Find out what critics have been saying about the Royal Ballet’s revival of Kenneth MacMillan’s 1978 ballet.

(c)Tristam Kenton

The Guardian: **** “The ballet gripped from beginning to end, fresh-minted in the moment, in the identification of the dancers with their roles. It’s an astounding, engrossing achievement, a modern classic that does not wane.”

Culture Whisper: **** “John Lanchberry’s seamless arrangement of Liszt’s music was cogently played by the Orchestra of the Royal Opera House conducted by Koen Kessels.”

The Stage: **** “Kenneth MacMillan’s ballet based on the real-life murder-suicide scandal of Rudolf, Crown Prince of Austria, captures the complexity of relationships with glittering performances.”

London Unattached: “A splendid, opulent and beautifully staged production by Nicholas Georgiadis with stunning costumes and atmospheric lighting, the complex story and graphic choreography make this a ballet that can be enjoyed by everyone.  The score, an arrangement of Franz Liszt’s music by John Lanchbery, is seamless and entirely appropriate.”

The Telegraph: **** “Principal Ryoichi Hirano makes us care deeply for the tragedy’s titanically flawed anti-hero.”

The Times: **** “Opening the new Royal Ballet season with Mayerling is certainly not playing it safe. Nothing beats Kenneth MacMillan’s grandiose 1978 ballet about the life and death of Crown Prince Rudolf, heir to the Austro-Hungarian Empire, as a study in aristocratic depravity. The title refers to the royal hunting lodge where, in 1889, Rudolf killed his teenage mistress, Baroness Mary Vetsera, then turned the gun on himself. In the ballet Rudolf is dissolute, drug-addled, sexually violent and psychologically damaged. And despite the fact that he interacts intimately with the five key women in his life the ballet is all about him.”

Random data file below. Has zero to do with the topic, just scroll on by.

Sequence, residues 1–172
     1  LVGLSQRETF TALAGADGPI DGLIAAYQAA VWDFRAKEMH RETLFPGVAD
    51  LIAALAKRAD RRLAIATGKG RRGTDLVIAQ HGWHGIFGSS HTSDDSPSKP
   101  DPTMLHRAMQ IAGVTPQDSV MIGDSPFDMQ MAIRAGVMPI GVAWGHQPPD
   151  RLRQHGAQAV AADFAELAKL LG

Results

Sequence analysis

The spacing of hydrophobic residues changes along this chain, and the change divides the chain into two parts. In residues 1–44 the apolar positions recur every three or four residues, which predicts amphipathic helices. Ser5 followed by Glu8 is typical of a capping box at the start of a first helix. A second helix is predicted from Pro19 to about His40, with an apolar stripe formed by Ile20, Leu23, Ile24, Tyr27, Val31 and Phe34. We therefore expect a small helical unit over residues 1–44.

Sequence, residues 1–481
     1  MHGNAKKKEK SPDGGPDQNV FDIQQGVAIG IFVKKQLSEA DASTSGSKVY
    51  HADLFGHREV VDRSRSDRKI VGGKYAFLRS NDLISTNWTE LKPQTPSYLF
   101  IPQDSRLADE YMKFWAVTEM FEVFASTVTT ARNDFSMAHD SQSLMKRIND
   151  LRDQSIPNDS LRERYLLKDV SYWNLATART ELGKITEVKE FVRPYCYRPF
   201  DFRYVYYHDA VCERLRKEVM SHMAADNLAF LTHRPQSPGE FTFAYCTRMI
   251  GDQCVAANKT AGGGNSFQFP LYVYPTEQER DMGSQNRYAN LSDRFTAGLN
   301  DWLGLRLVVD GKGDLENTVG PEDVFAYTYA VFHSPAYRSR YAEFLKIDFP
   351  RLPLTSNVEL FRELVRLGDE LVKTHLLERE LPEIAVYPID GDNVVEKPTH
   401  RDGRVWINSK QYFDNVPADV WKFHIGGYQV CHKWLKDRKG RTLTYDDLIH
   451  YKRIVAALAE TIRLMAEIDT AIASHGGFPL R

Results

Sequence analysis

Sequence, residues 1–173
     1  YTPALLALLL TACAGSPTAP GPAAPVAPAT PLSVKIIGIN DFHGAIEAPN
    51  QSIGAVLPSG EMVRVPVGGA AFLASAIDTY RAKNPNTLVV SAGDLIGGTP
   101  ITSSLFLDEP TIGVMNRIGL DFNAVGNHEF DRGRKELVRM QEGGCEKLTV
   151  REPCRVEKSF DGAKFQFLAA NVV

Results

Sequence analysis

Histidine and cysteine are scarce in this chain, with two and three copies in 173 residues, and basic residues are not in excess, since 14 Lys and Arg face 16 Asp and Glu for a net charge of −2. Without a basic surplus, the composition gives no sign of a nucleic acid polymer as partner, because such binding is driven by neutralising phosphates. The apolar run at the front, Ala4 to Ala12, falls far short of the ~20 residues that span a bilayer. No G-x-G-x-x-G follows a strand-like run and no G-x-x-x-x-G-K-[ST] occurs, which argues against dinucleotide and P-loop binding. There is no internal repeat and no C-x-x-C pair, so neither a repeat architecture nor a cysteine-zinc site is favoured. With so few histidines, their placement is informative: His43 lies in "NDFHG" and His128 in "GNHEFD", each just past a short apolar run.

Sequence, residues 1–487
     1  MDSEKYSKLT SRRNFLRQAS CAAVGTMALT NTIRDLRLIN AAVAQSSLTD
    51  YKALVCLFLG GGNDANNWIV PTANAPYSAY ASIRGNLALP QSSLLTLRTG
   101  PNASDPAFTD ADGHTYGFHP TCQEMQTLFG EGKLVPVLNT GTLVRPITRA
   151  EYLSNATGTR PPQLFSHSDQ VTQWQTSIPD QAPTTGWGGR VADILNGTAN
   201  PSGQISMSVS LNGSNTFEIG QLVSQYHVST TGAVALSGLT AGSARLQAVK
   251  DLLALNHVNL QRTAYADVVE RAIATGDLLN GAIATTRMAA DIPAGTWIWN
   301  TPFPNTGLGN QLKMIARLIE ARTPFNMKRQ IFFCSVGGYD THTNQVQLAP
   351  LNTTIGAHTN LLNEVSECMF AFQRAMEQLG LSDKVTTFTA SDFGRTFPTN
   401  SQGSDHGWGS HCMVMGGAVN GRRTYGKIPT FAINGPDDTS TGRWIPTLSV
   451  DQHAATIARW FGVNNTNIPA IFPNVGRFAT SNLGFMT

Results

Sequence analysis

The Arts Desk: **** “Kenneth MacMillan’s royal-family-in-death-spiral dance drama reconfirms its potency.”

The ***** “No matter how many times I have seen Mayerling – and it is quite a few – I never fail to leave the Royal Opera House shocked and moved by the end of this disturbing ballet. Such is the power of Kenneth MacMillan’s portrayal of one of the most devastating episodes ever to hit a royal family.”

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